On Wednesday, Friday, and Saturday this past week over a hundred people spoke at City Hall while city council deliberated over the Downtown Eastside local area plan. For three days residents and supporters agitated against elements of the plan that put forward tenant relocation and widespread displacement. In this series, we’ll feature some of those powerful and moving speeches heard at City Hall. These speeches belong to the community and the authors have kindly allowed us to re-publish their words. If you have a speech that you want to share with us, email us at email@example.com –
DTES Local Area Plan,
Wednesday, March 12
I am a disenfranchised member of the DNC [Downtown Eastside Neighbourhood Council]. I was the longest serving co-chair of the DNC until I was unduly removed. I am here to present the Low-income Caucus’s position. I have some information here – I have some pamphlets, if madam clerk can please dispense these.
So the Low-income Caucus is made up of members of the LAPP [Local Area Planning Process] and people who were interested in the process but weren’t actually on the LAPP committee. Since we were lacking a robust and democratic Downtown Eastside Neighbourhood Council we formed to strategize around the LAPP. We have thirteen points, many of which tie together. One, we need [City] Council to call this what it is: a housing crisis. We’re doing ourselves a disservice by glossing over the enormity of this crisis. If we really want senior levels of government to re-invest in a social safety net, we must show them the depths of despair, the depths of poverty that people live in. Don’t gloss over it. You have a chance to team up with the mayor of New Westminster – who is also going through a housing crisis – and go to the senior levels of government and say look, here’s at least two mayors who are dealing with housing issues: we need money. We need money. The senior levels of government work for us, they work for us – we need to remember that.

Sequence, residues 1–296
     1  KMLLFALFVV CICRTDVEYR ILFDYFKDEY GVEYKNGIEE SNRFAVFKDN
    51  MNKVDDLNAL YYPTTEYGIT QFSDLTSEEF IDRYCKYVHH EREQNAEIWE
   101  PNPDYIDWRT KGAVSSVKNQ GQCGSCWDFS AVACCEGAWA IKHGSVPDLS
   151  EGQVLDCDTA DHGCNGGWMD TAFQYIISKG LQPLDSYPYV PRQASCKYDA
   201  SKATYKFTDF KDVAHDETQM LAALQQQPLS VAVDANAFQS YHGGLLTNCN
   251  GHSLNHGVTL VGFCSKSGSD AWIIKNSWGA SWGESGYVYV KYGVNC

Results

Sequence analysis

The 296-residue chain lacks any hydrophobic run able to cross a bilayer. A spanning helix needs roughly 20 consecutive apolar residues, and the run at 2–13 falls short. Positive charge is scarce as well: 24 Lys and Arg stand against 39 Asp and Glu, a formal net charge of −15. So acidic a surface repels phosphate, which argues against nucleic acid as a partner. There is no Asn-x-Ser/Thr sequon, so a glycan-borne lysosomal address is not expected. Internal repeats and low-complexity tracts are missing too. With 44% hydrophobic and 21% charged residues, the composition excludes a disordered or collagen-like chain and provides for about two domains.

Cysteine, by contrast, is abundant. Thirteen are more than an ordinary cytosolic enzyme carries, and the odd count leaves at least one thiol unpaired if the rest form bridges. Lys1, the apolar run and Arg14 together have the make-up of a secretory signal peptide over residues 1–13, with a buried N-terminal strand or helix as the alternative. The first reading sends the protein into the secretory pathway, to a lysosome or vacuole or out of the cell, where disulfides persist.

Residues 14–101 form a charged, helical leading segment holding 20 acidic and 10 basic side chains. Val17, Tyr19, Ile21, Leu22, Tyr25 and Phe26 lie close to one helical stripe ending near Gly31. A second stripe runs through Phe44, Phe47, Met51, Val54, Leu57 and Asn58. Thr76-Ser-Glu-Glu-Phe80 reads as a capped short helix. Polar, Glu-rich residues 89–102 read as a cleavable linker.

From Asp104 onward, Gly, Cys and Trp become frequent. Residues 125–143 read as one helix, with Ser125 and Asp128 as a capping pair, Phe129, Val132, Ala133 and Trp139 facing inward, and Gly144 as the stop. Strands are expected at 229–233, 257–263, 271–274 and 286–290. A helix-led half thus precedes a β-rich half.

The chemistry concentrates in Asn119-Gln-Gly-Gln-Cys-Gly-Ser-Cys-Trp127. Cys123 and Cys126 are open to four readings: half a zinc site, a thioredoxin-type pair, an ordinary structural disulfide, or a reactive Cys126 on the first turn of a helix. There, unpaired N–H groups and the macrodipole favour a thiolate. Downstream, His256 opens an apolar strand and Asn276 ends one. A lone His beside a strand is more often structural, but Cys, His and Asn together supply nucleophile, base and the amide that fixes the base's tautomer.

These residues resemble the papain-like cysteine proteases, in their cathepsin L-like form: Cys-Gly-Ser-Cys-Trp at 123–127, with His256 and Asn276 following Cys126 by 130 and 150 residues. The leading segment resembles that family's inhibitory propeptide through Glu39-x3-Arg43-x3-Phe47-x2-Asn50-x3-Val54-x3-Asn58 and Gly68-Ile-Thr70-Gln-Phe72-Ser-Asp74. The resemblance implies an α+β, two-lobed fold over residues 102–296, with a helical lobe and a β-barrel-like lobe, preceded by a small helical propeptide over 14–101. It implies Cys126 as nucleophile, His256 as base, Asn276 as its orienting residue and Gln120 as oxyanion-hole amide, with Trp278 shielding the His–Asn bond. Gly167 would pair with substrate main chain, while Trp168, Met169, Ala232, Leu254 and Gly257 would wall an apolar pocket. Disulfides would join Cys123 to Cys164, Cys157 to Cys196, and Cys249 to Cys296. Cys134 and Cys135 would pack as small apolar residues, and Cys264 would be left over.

We need to define social housing. For at least the purposes of the DTES, social housing should be defined as accessible to those on fixed incomes, whatever the rates may be at any given times, and if they get a job, they shouldn’t lose their tenure. They should just pay 30 per cent of what they’re making once they are working. The Low-income Caucus does support the 60-40 [in the DEOD]. We do support it. However it doesn’t go far enough. As Mr. Geller kindly pointed it out, it’s probably not feasible without senior levels of government. We’re pragmatic enough to know that. Mr. Harper won’t be in office forever. Unless he changes the rules somehow, he won’t be in office forever. Christy Clark won’t be in office forever. What the 60-40 will do is buy this neighbourhood some time, to preserve its character, to preserve the spirit.
I’m sorry, I forgot to acknowledge the Musqueam, the Tseil-Waututh, and the Squamish people who are the traditional caretakers of this land. In spite of what developers tell you, we don’t own anything. In spite of what the senior levels of government tell you, we do not own anything. We borrow this land from our great, great, great, great grandchildren, so it is our sacred responsibility to take care of it, to make sure we nourish the soil so that it can produce food…in the future. We need to renovate these scuzzy-ass SRO’s. I doubt any of you would let your pets live in there, let alone your brother, or your sister, or your daughter, or your son.
We need safety for all. Not just people who believe they own land. Safety for all. We need to end discrimination. In the DTES there is rampant police abuse. Much of it goes unchecked. Rather than building a tech center at the old police station, we should build an ombuds-office where people can go complain and make their voices heard.
A full video of Herb’s speech can be found here